6 Places to Spot Bald Eagles in Northwest Arkansas

By NWA Daily | Published January 9

 As you scout out warm places to spend the holidays and Winter season, Bald Eagles are doing the same thing. Eagles typically reside in the northern part of the US and Canada, but Northern winters cause the eagle’s favorite lakes and rivers for hunting to freeze over. The Bald Eagles make their way down South to find non-frozen bodies of water so they can continue to hunt. We’re lucky because Arkansas actually has a small population of Bald Eagles living here year-round. 37 North Expeditions details their favorite eagle watching tips and the best places to spot Bald Eagles in Northwest Arkansas. Happy Eagle spotting! 

Eagle Spotting Tips

What are the best types of days to go Eagle spotting?

For the best possible eagle-watching days, keep an eye on the weather up North near the Great Lakes and other regions North of Arkansas. A cold front in those areas causes bodies of water to freeze, sending Bald Eagles towards NWA. 

When is the best time of day to spot a Bald Eagle?

Bald Eagles soar most often when temperatures are rising. Mid to late morning will provide a better chance to spot one flying through the sky. =

Do I need any special equipment to spot a Bald Eagle?

Binoculars are helpful, but not a necessity. They will allow you to tell Bald Eagles apart from other big birds of prey. They also allow you to get a closer look. We also recommend warm clothes, gloves, and hand warmers. Remember that temperatures are cooler near the water!

What should I look for when trying to spot an Eagle?

Bald Eagles are very big, with a wingspan of up to six feet! If they’re around, you’ll see them. Mature adults are unmistakable with bright white heads and tails. In bright sun, the white tail and head can blend into the sky making it look like you’re seeing a headless, tailless bird. Younger birds that are less than five years old are brown all over or blotchy brown and white. Eagles soar steadily, without the rocking motions you may have seen in similarly colored turkey vultures. 

Eagles like to steal food from other fish-hunting birds. Keep an eye out for herons, osprey, and other birds that might be a target for thieving eagles. They will also steal from other eagles and hawks. Listen for hawks calling for a potential eagle sighting tip-off.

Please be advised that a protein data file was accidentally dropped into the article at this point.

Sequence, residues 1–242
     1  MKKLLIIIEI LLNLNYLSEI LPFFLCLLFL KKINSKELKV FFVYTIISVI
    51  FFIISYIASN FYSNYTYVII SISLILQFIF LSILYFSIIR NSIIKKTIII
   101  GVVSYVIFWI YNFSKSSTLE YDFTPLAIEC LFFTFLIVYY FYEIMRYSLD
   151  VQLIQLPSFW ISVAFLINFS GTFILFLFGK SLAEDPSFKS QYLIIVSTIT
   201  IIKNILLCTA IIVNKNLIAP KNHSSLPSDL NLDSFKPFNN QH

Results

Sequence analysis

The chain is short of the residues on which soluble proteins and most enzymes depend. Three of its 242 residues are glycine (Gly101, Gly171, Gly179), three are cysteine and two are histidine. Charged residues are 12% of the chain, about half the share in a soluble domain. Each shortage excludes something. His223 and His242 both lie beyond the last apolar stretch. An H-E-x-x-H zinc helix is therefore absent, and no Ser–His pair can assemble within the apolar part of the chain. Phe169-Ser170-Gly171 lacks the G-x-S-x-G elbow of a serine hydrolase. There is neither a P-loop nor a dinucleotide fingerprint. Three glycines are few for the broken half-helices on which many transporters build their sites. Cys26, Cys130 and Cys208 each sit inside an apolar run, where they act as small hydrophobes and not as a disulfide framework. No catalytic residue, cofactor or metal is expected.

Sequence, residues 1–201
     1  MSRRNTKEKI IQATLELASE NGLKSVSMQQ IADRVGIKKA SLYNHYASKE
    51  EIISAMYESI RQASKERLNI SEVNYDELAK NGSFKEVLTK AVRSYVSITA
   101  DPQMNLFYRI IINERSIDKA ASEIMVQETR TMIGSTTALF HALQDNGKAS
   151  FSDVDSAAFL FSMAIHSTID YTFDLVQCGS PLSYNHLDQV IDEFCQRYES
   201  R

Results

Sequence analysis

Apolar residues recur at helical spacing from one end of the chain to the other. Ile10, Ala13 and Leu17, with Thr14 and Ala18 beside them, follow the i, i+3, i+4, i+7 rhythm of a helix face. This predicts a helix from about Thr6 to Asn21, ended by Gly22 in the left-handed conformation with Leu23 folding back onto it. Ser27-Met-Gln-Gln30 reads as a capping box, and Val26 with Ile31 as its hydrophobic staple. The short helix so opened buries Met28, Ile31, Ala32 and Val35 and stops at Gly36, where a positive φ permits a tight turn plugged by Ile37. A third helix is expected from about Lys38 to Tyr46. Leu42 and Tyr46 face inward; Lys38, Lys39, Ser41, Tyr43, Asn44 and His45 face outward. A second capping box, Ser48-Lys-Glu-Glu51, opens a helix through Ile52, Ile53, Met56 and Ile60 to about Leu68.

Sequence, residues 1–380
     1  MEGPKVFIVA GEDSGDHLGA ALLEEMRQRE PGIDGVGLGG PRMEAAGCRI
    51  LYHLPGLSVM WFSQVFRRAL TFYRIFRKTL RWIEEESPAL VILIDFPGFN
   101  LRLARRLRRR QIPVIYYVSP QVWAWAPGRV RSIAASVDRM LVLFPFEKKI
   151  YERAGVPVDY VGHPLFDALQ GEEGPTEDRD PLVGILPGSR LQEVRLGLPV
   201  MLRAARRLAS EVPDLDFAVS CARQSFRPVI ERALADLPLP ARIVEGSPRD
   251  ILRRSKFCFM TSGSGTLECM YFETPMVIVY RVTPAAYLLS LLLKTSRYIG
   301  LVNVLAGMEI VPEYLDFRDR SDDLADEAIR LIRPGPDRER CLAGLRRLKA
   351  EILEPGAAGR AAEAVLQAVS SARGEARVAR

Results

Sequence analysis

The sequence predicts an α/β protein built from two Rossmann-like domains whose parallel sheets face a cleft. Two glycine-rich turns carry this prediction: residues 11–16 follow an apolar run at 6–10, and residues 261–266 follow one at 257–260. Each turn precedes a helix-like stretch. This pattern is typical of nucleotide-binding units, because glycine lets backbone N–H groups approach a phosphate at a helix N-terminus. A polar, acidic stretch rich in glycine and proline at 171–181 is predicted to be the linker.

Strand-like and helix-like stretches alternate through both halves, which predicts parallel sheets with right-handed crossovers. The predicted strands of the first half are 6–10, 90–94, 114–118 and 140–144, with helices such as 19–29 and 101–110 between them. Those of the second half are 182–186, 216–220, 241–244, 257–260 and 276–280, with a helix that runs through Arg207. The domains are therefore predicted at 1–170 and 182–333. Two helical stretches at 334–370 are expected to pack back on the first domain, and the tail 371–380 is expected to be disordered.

Lastly, you can look for Eagle nests. The nests are huge, up to six feet across and sometimes weighing over a ton. They’re located in trees and are used year after year. 

Hobbs State Park (Rogers)

The Pigeon Roost trail is one of our favorites to spot Bald Eagles, but there are many great trails in the park. The Pigeon trail follows an arm of Beaver Lake that provides great views of the lake and shore. Park staff offer eagle watching boat tours on Beaver Lake, which hosts up to 200 Bald Eagles in the Winter. The park visitor center also has a busy bird-feeding station you can watch from the windows while you warm up!

What else to watch for: Lucky lake viewers might also catch a sighting of a loon. The pine stands in this park are a great habitat for songbirds year-round, and busy woodpeckers and nuthatches in the winter. 

Photo: Eagle watch boat tour, courtesy of 37 North Expeditions

Lake Dardanelle State Park (Russellville) 

This park hosts eagle cruises on the lake or you can take a self guided tour by renting a boat at the marina. Visitors can also take a walk on the short hiking trail or watch for eagles from shore at designated wildlife areas. 

What else to watch for: The visitor center has live animals and several aquariums featuring freshwater fish. 

Photo: Eagle watch boat tour, courtesy of 37 North Expeditions

Bull Shoals-White River State Park (Bull Shoals) 

Bull Shoals Lake and the White River make for a double-habitat area for eagles. The Lakeside trail provides good lake views, but you can also rent a boat or take guided cruises of the lake or river. Park staff host guided walks, boat tours, and interpretive programs about eagles year-round and specific eagle-watching events in January. 

Photo: Eagle on White River, courtesy of Arkansas Tourism 

Holla Bend National Wildlife Refuge (Pottsville) 

The refuge is in the curve of an oxbow lake on the Arkansas River. You can drive your car around the refuge or take a guided driving tour in January. This allows you to enjoy eagle watching from the comfort of a warm vehicle. There are walking trails available as well. 

What else to watch for: The refuge is home to over 280 species of birds including other birds of prey and waterfowl!

Photo: Courtesy of Arkansas Tourism 

Lake Sequoyah Trails (Fayetteville) 

There are three trails to choose from ranging from two to five miles. The Kingfisher and Shoreline trails cover both the East and West sides of the lake and the Rookery trail follows the White River. Any of these trials would be excellent places to find Bald Eagles roosting and hunting over the water. 

Eagle Watch Nature Trail (Gentry) 

An off-the-beaten-path spot on a small lake that serves as cooling for the Flint Creek Power plant, which means the water stays warm all year and never freezes over. This makes for good fishing for both eagles and people (the lake is known for big fish). The trail is easy, and includes benches and a covered pavilion at the lake overlook, making this a great place to eagle watch in less-than-perfect weather. 

Photo: Courtesy of Arkansas Tourism 

If self guided tours aren’t your thing, 37 North has multiple eagle watching adventures throughout the Winter season. The adventures include an expert guide who is knowledgeable on eagles and birding. All adventure planning and details are taken care of for you, including transportation and any equipment needed. You can view upcoming adventures on their website. 

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